Part 1: How did I get here? Egg freezing at 39

posted by Brigitte Adams August 26, 2012

This is Part 1 of a guest blog series by Kate, a member of the Eggsurance Community.  Thank you, Kate, for telling your story.  Stay tuned for Part II….

…while I can make back money, I can’t make back time. It is now or never.

I am writing this blog post on my 39th birthday. Next month, I will freeze my eggs. I’ve been considering putting my eggs on ice for the better part of a decade. In my early 30s, I came up with the plan that if I hadn’t met someone (you know, the future father of my children) by 33 that I would freeze then. Later, I moved the target date to 35. Oh if only I had frozen at 33 or 35 or even 37. That continues to be one of the great regrets of my life…

It might seem surprising that I have been so aware of egg freezing for so long because it certainly isn’t very common today and was even less talked about a decade ago. My background is in journalism and I’m sure some trend article years ago that planted the thought and I kept researching it. As an only child with a small, not-so-close extended family, I’ve always dreamed of a house full of kids. While I had the back-up plan of egg freezing, I was sure finding the guy, getting married and starting a family would all work out without medical intervention.

And then as we say, life intervened. Not only did the right guy not work out, my mid 30s turned out to be a devastating on all levels (physically, emotionally, financially) as a result of a serious long-term toxic exposure in my home coupled with the sudden death of a man I loved deeply.

It was only at 37 that I was back on enough stable footing to take the step of visiting with a doctor specializing in cryopreservation. I had my first round of fertility testing and a medical consultation about the process. The tests showed that my fertility was likely on par with my age but the doctor warned me not to wait too much longer.

By the time I moved to another area of the country and got settled in, I was well into 38 and though still rebuilding from my devastating financial losses and unsure of how to pay for the freezing, I knew I had to at least check in on my fertility. It turns out that I happened to move to a city that is home to one of world’s best fertility clinics with a celebrated lab.

It was actually finding out that one of my best friends was going into premature menopause at 38 that prompted me to pick up the phone to schedule all the tests.  Although I am well aware that fertility is nearly ALL about the age of the eggs (don’t let anyone tell you otherwise), I was – and remain shocked – at how much my fertility had gone downhill in the last two years. I’m way below average for a 39-year-old woman.  I know my age is a factor and certainly my toxic exposure.  (That’s the #1 reason why I wish I had frozen in my early 30s – I would have avoided all that likely damage to my eggs.) The doctor was blunt with me; it was still possible to do this now but to wait any longer would be very foolish.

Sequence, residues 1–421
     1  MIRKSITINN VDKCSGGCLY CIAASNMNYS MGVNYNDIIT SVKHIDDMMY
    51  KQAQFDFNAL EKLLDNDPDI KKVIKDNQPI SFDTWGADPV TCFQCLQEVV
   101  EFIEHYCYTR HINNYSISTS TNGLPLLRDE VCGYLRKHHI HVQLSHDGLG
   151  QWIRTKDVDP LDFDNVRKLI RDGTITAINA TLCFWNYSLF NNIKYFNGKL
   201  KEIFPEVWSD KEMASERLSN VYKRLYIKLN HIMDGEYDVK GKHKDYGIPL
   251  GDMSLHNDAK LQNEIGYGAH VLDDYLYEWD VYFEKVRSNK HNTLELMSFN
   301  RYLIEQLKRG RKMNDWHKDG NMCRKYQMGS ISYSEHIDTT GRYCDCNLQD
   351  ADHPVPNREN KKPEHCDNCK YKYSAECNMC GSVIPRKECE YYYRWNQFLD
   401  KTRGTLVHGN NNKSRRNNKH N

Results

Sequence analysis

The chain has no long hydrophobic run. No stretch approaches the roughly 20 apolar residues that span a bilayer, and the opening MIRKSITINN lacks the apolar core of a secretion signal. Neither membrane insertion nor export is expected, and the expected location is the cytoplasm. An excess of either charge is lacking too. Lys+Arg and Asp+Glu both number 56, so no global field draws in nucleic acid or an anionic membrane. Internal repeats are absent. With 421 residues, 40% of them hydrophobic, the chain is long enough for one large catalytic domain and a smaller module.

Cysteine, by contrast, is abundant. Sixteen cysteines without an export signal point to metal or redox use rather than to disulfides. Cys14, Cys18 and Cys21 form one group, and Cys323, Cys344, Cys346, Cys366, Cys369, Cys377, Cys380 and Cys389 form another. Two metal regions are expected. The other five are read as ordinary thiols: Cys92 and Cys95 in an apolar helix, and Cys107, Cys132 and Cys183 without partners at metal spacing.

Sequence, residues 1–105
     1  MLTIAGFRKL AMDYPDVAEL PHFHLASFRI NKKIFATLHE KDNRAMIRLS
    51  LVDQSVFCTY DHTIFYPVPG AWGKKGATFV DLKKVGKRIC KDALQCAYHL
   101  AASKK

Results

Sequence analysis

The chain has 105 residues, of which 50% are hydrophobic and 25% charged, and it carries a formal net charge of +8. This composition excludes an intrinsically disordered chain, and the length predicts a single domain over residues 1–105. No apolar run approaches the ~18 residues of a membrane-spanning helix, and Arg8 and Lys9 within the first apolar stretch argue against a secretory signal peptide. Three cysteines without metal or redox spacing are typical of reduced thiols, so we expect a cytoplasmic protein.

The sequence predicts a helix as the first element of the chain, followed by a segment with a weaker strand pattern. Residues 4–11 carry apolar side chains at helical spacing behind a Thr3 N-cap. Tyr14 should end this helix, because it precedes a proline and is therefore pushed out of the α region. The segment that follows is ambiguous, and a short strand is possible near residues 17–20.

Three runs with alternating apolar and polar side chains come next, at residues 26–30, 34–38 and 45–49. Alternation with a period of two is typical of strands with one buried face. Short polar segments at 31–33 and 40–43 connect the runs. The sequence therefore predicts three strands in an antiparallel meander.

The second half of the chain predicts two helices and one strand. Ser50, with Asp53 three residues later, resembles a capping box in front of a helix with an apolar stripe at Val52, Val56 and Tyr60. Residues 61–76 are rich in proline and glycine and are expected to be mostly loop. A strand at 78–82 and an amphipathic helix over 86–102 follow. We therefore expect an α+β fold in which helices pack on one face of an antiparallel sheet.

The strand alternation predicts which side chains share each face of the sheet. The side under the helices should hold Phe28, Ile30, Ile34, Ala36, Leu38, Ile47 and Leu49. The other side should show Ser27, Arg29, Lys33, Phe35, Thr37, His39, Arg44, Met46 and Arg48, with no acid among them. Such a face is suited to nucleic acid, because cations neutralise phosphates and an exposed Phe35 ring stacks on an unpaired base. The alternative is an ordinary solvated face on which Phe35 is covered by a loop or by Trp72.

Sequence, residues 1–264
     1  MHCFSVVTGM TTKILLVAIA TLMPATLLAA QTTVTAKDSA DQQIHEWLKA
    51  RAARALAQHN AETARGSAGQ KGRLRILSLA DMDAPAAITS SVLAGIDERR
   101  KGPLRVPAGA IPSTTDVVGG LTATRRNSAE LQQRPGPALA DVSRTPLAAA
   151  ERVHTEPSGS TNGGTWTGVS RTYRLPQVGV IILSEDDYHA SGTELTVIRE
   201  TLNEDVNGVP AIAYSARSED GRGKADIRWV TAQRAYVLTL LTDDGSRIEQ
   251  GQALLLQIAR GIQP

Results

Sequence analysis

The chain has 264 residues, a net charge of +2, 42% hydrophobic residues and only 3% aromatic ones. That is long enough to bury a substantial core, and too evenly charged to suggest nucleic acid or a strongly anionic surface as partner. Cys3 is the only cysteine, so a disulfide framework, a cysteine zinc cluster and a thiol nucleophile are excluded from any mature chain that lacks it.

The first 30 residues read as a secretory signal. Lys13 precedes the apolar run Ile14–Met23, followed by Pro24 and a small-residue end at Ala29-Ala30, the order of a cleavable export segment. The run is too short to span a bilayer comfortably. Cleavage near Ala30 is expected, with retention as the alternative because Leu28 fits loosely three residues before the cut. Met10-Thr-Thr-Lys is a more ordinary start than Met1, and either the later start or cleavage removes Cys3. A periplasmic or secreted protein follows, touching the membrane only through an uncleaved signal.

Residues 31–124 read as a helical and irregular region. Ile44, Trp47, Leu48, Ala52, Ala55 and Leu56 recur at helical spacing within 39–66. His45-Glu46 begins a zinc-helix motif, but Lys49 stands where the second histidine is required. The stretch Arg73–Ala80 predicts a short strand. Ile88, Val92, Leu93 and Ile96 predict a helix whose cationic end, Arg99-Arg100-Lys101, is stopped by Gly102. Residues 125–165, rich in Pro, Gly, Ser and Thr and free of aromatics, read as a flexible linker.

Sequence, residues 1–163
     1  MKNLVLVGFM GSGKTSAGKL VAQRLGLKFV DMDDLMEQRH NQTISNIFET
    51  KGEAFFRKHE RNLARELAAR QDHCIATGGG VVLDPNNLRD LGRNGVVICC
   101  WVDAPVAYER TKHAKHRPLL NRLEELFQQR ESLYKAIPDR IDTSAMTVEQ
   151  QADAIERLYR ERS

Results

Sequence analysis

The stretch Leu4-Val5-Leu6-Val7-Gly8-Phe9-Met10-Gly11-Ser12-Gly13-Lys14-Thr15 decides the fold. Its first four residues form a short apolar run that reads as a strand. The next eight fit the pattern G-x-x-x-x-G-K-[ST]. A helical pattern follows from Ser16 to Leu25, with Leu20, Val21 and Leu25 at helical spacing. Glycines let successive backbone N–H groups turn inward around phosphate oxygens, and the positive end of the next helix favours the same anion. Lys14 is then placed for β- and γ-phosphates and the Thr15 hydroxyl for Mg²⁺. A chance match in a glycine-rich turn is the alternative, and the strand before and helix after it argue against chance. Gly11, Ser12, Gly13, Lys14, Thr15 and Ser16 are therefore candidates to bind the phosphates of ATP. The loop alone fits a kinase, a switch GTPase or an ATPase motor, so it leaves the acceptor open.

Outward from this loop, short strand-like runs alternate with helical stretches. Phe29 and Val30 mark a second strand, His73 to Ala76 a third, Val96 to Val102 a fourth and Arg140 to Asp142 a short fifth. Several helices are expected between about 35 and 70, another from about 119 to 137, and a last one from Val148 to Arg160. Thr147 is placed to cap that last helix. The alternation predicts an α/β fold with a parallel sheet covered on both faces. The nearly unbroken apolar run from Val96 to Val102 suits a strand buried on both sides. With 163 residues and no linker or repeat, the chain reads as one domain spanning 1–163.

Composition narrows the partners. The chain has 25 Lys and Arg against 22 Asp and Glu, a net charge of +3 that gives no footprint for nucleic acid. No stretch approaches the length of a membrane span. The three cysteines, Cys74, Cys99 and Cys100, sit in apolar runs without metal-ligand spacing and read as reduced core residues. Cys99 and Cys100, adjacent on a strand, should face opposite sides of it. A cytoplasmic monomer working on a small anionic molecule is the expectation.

I can’t go back in time and must work from where I am at this moment. So I am moving ahead with a round of egg freezing with retrieval planned for the end of September. My financial situation isn’t hugely better but clearly time is of the essence and while I can make back money, I can’t make back time. It is now or never.

I’m blogging about my experience (egg retrieval) here at Eggsurance because women need to know more about their options for preserving their fertility and they need to plan for it. I’ve also only found a handful of first person accounts on the Internet. I’ll be blogging in real time about the practicalities (how I chose the clinic, what I’ve done to improve egg quality, the scheduling, how I’m functioning through each phase) and emotional aspects (my feelings after getting test results, why this makes me feel empowered but sad too, how all those drugs really affect me) of the process.

At 39, I’m late to the game. All I will know when the eggs are retrieved is whether they are mature or immature. I won’t know their real quality until I try to fertilize them. I may need a second round which at this point is financially impossible. There are no guarantees this venture will result in a live birth and I’m okay with that. I’m just grateful to have the chance to try…

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